• How to Turn Disruption into Opportunity

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    Effective business ideation

    How to scale your business successfully during a crisis

    The Chinese word for crisis is written with two brush strokes. One stands for danger, the other for opportunity. While the Covid-19 pandemic has been the crisis of a generation, Singapore’s Trade and Industry Minister Chan Chun Sing said in October 2020 that it could also be an opportunity for a generation.

    Many of the world’s most successful companies started during the worst economic downturns. According to a Business Insider article, the first Burger King opened during the post-Korean War recession in the 1950s and during the 1957-58 recession, the first Hyatt hotel opened its doors.

    As the dot com bubble burst in the 2000s, Salesforce and Google got their starts. In 2007 to 2009 during the Global Financial Crisis, when the U.S. housing market crashed and many banks collapsed, a new generation of start-ups like Airbnb, Uber and Square were founded.

    This may not seem like a logical time to consider growth opportunities when your business is still struggling to turn things around after last year’s “circuit breaker” and this year’s various restrictions. But for some, this may be the perfect window to capture an opportunity[1]  that otherwise may not exist.

    With that in mind, here are five steps to consider:

    Link to article 10: startup success

    Uncover the growth opportunities

    Maximising corporate growth

    Growth is crucial to ensure long-term business success. Therefore, it is important as an entrepreneur to identify ideas and insights to get there. Start by assessing your market – local and overseas. Is there still growth potential or is the market getting saturated? It’s also worth looking into how and what your competitors are doing. Once you make that assessment, determine if you can develop new products or services.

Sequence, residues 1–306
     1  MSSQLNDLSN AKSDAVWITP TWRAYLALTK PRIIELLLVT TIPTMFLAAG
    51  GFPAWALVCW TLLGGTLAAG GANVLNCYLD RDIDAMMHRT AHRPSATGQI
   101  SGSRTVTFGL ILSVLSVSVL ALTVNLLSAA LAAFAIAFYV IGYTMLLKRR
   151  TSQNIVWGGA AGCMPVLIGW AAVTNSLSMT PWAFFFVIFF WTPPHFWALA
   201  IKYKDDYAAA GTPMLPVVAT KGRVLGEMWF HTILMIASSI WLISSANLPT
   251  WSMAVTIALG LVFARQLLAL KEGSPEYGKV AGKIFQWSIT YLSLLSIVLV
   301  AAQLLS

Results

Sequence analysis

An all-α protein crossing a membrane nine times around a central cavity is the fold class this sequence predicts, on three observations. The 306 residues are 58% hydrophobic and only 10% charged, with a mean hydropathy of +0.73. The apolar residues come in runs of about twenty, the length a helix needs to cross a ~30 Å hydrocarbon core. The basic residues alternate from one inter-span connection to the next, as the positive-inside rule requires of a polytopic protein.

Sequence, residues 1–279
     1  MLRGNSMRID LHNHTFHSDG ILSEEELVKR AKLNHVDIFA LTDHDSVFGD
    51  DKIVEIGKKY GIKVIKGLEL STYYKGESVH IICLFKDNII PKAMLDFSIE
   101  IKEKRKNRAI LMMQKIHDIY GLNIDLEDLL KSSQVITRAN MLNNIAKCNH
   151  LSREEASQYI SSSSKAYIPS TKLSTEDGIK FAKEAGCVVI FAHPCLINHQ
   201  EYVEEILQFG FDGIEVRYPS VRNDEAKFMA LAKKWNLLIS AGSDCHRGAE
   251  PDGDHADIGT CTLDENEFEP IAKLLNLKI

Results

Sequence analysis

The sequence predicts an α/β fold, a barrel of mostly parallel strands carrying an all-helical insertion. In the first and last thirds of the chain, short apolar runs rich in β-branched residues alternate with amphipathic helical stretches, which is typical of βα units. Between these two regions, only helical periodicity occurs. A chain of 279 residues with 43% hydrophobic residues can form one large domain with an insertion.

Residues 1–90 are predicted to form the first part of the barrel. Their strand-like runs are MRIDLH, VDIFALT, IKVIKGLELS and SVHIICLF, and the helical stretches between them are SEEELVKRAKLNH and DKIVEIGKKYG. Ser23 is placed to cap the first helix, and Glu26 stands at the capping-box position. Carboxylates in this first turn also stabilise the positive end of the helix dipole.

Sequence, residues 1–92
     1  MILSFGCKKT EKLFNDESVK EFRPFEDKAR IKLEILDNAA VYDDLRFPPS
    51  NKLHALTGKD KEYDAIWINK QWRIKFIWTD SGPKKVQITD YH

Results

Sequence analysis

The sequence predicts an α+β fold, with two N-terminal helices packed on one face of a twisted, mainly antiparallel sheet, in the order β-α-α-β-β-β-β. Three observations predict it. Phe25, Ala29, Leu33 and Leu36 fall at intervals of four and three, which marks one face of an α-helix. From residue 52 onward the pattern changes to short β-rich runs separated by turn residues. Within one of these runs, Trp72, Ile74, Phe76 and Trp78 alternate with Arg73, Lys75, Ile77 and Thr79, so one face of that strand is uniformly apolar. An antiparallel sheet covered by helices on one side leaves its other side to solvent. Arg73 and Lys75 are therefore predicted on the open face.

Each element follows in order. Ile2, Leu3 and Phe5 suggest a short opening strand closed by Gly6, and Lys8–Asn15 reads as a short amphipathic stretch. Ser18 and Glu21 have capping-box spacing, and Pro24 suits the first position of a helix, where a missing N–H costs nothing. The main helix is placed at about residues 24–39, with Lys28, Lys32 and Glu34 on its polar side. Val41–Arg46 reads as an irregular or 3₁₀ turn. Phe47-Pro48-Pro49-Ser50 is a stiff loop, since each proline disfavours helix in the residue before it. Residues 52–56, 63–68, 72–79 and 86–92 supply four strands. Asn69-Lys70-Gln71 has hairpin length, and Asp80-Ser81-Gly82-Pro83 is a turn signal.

Understand your current and future customers

    Understanding your customers

    This is a fast-changing environment. Lockdowns and restrictions have been implemented with just a few days’ notice. As a founder, you’ve had to react quickly to changes but so have your customers – they have had to adapt the way they work, play, live and shop.

    What motivates your customer? How is he or she shopping? And what is influencing how he or she shops? You will need to anticipate and adapt to your customers’ needs and ensure that the product or service you provide is evolving to their needs.

    Develop a resilient team

    Effective teamwork

    Whatever approach you choose, it comes down to having the right team to execute it. Do you have the right people in the right places? Are you enabling them to work effectively, whether it’s from home or in the office? Do you need to hire more people, perhaps on a short-term basis, to help with the immediate needs of the business?

    What has emerged from recent economic downturns is the importance of resilient teams. Harvard Business Review’s experts identified candour, resourcefulness, compassion, and humility as the four characteristics of resilient teams.